City on a Hill
The vision shared by the Puritans is most easily understood by delving into John Winthrop’s speech, “A Model of Christian Charity.”
Jamestown was flourishing and the Pilgrims had landed at Plymouth, but settlement continued as the stories of rich land, new beginnings, and unlimited possibilities spread.
The Massachusetts Bay Colony, the largest English settlement, would be established less than a decade later by the Puritans, a religious sect that desired to purify the policies and practices of the Anglican Church of the remaining Catholic influences. Since the King of England served as the spiritual and political leader of the nation and the church, the Puritans found themselves in conflict with their King, much as the Pilgrim Separatists had.
To understand the Puritans and their desire for a new life apart from the influences of the Anglican Church requires a brief history lesson — my favorite part of any day.
When King James I died in March 1625, his son was coronated as Charles I, King of England and Scotland. Charles, while much more disciplined and reserved than his father, believed in the importance of a hierarchal church structure with the King as the head of the Anglican Church, assisted by the Archbishop of Canterbury, and the divine right of kings as absolutist rulers. Additionally, Charles envisioned the creation of a “United Kingdom” of England and Scotland. Charles was well-educated and had developed a love of order, ritual, and “place” that was designed to eliminate the chaos he had experienced during his youth. While we might today celebrate that sense of order and control, it would put Charles in conflict with the English Parliament, the Puritans, and other minority religious sects.
Why? Charles was Protestant but he differed with the Calvinist-influenced believers; where he embraced ornate rituals and a worship based on order, the Puritans desired simplicity. Charles believed that the role of bishops and church leaders was foundational to the church while the Puritans desired local control. Puritans believed in predestination in contrast to the Anglican Church, which taught that the individual could “choose” to follow God. And, for Charles, the growing influence of the Puritans threatened the stability of the English throne and its strong centralized control of government.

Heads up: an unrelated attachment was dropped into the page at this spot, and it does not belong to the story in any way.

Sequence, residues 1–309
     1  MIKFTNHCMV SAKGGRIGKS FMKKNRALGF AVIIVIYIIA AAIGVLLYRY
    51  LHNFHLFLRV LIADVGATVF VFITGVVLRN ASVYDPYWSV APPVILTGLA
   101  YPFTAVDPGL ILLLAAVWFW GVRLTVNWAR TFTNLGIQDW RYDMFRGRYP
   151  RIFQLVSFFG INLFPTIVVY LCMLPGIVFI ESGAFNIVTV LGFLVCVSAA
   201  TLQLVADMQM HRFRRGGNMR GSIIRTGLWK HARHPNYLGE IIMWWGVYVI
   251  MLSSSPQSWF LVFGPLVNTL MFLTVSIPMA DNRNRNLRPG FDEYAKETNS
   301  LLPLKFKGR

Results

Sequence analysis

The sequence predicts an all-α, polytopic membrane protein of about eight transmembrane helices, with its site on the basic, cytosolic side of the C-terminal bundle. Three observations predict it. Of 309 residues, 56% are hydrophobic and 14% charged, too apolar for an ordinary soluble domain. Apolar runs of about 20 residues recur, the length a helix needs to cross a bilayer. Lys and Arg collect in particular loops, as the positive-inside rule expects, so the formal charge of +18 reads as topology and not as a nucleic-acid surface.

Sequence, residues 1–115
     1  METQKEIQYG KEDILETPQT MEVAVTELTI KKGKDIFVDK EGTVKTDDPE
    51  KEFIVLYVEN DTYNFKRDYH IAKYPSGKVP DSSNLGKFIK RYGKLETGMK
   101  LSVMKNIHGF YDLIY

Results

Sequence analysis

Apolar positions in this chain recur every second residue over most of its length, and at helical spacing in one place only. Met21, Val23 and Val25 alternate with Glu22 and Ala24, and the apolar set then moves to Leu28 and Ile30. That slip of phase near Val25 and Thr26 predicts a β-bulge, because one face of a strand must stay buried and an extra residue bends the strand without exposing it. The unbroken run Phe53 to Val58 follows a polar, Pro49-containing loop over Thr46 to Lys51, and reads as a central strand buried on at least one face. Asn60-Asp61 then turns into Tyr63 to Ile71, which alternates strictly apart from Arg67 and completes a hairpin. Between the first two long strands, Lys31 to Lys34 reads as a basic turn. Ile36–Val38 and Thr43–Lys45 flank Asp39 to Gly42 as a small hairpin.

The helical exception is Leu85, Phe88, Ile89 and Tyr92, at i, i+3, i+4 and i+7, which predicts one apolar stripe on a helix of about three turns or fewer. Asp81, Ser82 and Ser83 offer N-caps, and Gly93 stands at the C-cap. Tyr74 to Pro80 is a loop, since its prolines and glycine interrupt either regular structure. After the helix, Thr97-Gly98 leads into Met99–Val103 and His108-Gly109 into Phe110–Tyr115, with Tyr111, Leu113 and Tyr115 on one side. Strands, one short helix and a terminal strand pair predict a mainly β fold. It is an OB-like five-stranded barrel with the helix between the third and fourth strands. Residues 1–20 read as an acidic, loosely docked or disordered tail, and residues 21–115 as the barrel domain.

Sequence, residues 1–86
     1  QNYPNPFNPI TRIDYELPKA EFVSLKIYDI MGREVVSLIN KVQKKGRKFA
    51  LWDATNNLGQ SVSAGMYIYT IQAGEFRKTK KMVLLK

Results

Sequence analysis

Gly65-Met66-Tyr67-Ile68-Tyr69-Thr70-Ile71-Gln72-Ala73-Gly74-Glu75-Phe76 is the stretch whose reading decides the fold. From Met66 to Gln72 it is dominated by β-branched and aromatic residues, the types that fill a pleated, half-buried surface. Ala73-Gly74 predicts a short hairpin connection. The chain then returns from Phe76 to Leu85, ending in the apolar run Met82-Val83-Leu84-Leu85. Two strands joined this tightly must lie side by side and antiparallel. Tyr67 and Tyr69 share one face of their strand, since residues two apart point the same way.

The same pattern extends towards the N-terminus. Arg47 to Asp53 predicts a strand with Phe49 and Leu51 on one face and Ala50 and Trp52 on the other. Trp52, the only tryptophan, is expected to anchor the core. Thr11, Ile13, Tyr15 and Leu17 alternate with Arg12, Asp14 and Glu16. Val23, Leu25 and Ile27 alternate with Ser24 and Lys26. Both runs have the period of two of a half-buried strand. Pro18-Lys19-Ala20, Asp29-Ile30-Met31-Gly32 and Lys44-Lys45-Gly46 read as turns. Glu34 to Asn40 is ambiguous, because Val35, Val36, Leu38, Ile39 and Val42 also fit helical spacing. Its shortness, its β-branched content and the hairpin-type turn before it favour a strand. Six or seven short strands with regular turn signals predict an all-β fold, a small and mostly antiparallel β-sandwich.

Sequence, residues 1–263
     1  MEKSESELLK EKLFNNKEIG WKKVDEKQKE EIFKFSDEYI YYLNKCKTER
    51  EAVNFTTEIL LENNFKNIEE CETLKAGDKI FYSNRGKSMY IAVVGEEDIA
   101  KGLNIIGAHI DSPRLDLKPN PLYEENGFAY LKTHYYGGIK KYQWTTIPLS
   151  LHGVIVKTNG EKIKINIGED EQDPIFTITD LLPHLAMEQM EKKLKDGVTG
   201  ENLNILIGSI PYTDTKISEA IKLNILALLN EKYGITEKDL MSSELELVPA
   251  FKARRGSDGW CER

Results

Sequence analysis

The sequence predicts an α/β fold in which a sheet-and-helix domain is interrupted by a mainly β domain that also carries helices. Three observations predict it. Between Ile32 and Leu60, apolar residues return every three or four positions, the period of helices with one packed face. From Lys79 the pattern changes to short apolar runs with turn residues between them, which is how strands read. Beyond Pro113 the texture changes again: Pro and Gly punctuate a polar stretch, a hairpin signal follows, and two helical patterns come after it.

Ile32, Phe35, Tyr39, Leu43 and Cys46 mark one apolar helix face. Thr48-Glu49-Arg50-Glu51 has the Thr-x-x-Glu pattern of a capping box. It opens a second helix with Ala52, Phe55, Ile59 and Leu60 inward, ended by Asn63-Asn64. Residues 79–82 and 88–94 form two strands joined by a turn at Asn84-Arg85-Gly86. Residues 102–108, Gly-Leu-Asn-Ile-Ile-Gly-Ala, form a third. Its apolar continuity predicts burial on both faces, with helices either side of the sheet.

It was a situation ripe for open conflict.
Could he not just ignore their demands? No.
The Puritans were often rich and politically powerful individuals who had gained influence in the House of Commons during James I’s reign and were poised to challenge Charles on every major action. Some Puritans were also members of the House of Lords since King James, in a search for additional funds to support his lifestyle, had sold “peerages,” titles that included a seat in the House of Lords.
While many Puritans would remain in England to challenge Charles I’s authority — think Oliver Cromwell and the Roundheads — others would immigrate to the New World, establishing the Massachusetts Bay Colony. By 1630, more than 700 colonists had arrived, led by Puritan lawyer John Winthrop.
The vision shared by the Puritans is most easily understood by delving into Winthrop’s most famous speech, “A Model of Christian Charity,” delivered before departure from England, so we’ll begin with his words.
Winthrop, standing in the pulpit in Holyrood Church, Southampton, opened his message with, “God Almighty in his most holy and wise providence, hath so disposed of the condition of mankind, as in all times, some must be rich, some poor, some high and eminent in power and dignity; others mean and in subjection.”
As he continued, Winthrop emphasized the role of stewardship, explaining that God bestowed bountiful blessings on man and that those “gifts” were to be distributed by “man to man” while the “Spirit” would be among the believers to restrain evil and to enable wealth individuals to show “love, mercy, gentleness” while the poor would be granted “faith, patience and obedience.” He was clear in his message that wealth was not given for one’s own benefit but “for the glory of his Creator and the common good of the creation, Man.”
What rules did Winthrop give for the new community that would be established by the believers?
God’s expectations were simple — “two rules whereby we are to walk one towards another: Justice and Mercy”; “if thou lovest God thou must help” thy brother. In his words, “So it is in all the labors of love among Christians, the party loving, reaps love again.” With love as the central theme of the new society — demonstrated through the dual practice of justice and mercy — the Puritans would create a place where they could work together to create a civil and ecclesiastical government that would mirror God’s word written in Micah: “to do justly, to love mercy, to walk humbly with our God.”
Winthrop’s sermon concluded with perhaps the most famous words associated with the colony. “We shall find that the God of Israel is among us … He shall make us a praise and glory that men shall say of succeeding plantations, may the Lord make it like that of New England. For we must consider that we shall be as a city upon a hill. The eyes of the people are upon us.”
In this season of faith and charity, the Puritans’ goals of justice and mercy — their vision of a “city upon a hill” — speak to us as Americans.
We’ll return next week to examine their arrival and the development of the Massachusetts Bay Colony. Would the new community reflect the vision?
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